In His Sights

Tina Beckett
September 2012, Romantic Suspense
Carina Press, $5.99, 234 pages

Grade: C
Sensuality: Warm

This book is available at Amazon and other eBook retailers.

With romantic suspense, fantastic settings and plenty of intrigue go a long way, but a truly good read needs more than that. If the main characters don't come alive on the page and the reader has trouble connecting to them, a promising read can turn lackluster. In His Sights suffers from this issue and, as a result, a book that starts as a heartstopping thriller turns ordinary far too soon.

Cole Scalini's team waits outside the American Embassy in Angola, hoping a hostage situation can be defused in time to allow for the rescue of embassy employees. A man with a bomb strapped to him stands in front, holding Dr. Callista Nascimento hostage. In a tense scene, we watch with Cole as he sets himself up to take the one shot that might free Callie without the bomb exploding. Cole succeeds and rescues Callie in what turns into the first eyeroll-inducing moment of the book, where instead of expressing gratitude, Callie scolds Cole for killing the poor terrorist.

Due to various complications, Cole and Callie cannot leave with the rest of the embassy staff, so they must stay alive for several days while travelling across Angola to rendezvous with an extraction team. The main complication? Callie is pregnant. As it turns out, Callie volunteered to act as a surrogate for her sister. The sister died in a recent plane crash, so now Callie plans to turn the child over to her sister's widower, a U.S. Senator who she trusts will do everything in his power to see her safely rescued from Angola.

It's obvious that the author did her homework with regard to the book's setting. The backdrop of instability in Angola, with the characters caught up in the tensions between the government and rebel factions, makes for exciting reading. As Cole and Callie travel across terrain strewn with dangerous animals, abandoned minefields, and other assorted hazards, one never knows exactly who will turn out to be trustworthy. Though the civil war in Angola has ended, one gets the sense that all is not entirely peaceful and this leads to the key mystery in the story: Who wants Cole and Callie dead and why?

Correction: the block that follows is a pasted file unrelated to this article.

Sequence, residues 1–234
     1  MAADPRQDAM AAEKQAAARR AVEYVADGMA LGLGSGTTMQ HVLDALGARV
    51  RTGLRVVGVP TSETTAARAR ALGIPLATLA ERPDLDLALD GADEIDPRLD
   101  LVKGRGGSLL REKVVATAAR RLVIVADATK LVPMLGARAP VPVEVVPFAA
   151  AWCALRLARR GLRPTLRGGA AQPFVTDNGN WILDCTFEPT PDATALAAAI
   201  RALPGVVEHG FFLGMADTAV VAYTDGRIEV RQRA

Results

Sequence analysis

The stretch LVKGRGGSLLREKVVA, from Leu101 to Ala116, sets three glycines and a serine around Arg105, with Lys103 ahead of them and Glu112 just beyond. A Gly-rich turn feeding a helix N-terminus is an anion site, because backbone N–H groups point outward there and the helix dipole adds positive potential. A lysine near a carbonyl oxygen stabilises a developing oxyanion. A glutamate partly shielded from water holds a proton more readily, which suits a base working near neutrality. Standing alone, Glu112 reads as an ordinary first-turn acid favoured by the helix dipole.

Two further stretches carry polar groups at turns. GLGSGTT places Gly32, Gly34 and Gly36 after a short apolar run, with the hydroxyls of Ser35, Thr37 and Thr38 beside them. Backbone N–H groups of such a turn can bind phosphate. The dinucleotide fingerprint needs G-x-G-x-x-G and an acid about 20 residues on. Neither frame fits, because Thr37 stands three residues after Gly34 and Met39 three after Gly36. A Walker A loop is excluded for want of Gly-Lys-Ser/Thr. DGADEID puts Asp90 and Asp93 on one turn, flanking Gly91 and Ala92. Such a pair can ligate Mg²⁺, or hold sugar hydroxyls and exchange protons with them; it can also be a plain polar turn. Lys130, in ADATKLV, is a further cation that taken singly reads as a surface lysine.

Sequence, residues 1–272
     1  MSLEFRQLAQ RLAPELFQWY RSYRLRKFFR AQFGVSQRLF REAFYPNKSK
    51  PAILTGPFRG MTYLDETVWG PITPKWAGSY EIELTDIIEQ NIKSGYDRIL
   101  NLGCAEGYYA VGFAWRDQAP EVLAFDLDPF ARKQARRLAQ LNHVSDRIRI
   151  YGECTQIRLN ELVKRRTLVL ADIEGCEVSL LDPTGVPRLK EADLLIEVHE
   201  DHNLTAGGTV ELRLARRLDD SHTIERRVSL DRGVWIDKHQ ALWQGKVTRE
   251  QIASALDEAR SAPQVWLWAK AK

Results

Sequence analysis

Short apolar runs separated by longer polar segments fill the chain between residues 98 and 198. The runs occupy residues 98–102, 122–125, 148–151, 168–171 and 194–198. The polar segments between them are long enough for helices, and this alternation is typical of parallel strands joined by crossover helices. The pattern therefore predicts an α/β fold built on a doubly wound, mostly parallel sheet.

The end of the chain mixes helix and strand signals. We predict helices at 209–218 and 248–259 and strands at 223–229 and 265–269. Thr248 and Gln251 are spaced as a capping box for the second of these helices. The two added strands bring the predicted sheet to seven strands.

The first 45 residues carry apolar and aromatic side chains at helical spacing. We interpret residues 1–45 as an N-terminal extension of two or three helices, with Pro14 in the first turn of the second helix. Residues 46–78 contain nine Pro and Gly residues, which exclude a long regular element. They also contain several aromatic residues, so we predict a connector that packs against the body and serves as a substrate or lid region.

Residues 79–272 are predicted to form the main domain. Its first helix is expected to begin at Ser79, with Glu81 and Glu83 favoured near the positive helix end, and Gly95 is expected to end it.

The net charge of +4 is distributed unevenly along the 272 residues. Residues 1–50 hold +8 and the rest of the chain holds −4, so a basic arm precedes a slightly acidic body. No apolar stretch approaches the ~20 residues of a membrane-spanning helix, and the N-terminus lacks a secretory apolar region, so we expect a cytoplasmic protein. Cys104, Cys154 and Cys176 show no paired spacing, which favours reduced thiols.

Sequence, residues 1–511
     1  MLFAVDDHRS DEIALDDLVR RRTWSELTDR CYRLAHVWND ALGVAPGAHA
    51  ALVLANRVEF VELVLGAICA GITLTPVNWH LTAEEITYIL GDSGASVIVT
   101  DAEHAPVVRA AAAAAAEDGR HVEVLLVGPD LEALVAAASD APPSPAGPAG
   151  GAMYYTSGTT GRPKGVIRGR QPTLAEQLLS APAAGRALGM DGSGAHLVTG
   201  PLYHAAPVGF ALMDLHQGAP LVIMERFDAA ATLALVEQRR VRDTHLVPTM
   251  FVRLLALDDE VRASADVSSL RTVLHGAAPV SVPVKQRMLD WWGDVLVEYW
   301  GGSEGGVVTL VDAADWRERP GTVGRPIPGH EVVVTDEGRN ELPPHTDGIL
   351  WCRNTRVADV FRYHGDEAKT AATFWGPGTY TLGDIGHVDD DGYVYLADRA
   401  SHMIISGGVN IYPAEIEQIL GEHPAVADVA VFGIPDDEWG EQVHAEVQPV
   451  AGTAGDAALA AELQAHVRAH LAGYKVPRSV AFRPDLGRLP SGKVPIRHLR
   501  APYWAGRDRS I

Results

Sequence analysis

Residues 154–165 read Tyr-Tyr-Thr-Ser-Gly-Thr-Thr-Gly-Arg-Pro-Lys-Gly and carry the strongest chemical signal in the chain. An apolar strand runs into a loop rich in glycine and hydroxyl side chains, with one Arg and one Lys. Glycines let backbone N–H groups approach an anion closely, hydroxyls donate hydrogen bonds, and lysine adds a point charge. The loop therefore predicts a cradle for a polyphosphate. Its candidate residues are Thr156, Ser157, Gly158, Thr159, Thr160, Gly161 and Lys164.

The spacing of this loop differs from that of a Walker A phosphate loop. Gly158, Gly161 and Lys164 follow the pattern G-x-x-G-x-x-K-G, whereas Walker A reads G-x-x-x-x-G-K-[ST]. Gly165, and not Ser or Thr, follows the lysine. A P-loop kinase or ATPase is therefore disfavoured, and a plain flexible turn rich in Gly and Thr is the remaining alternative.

While the setting and suspense plot kept my attention, the romance did not. The emotional tension between Cole and Callie certainly felt believable at times as the struggle to make it to the rendezvous point alive requires all kinds of teamwork. However, both Cole and Callie's characters felt terribly flat at times. Callie is a psychiatrist, but the author goes way overboard in portraying her as an idealistic healer whose seemingly overpowering need to fix people overwhelms her common sense. And then there's Cole. Most of the time Cole seems like an extremely competent military man and decent human being, but whenever the story seemed to call for a little vulnerability from the hero, his childhood ADHD diagnosis and the massive chip on his shoulder resulting therefrom gets laid on with an unrealistically heavy hand. Tension between the hero and heroine can be necessary in order to set the emotional stage for a story, but this felt forced.

In addition to those issues, Callie's pregnancy certainly bears mentioning. On the one hand, the author did a good job of sprinkling references to the baby throughout the story without overwhelming the reader with constant baby talk. However, Callie seemed to be having the most convenient pregnancy ever. She showed no real symptoms aside from mentioning that she needed to use the bathroom and she also alternated inconsistently between obsessing over the baby's wellbeing and then rushing into TSTL situations seemingly without a thought of the child she carried.

In the end, the various twists and turns of the suspense plot kept me reading as I wanted to see The Big Reveal and I found the setting fascinating stuff. However, the romance just didn't work for me. And since the romance spends a fair amount of time front and center in this book, In His Sights winds up as a pretty average read.

-- Lynn Spencer

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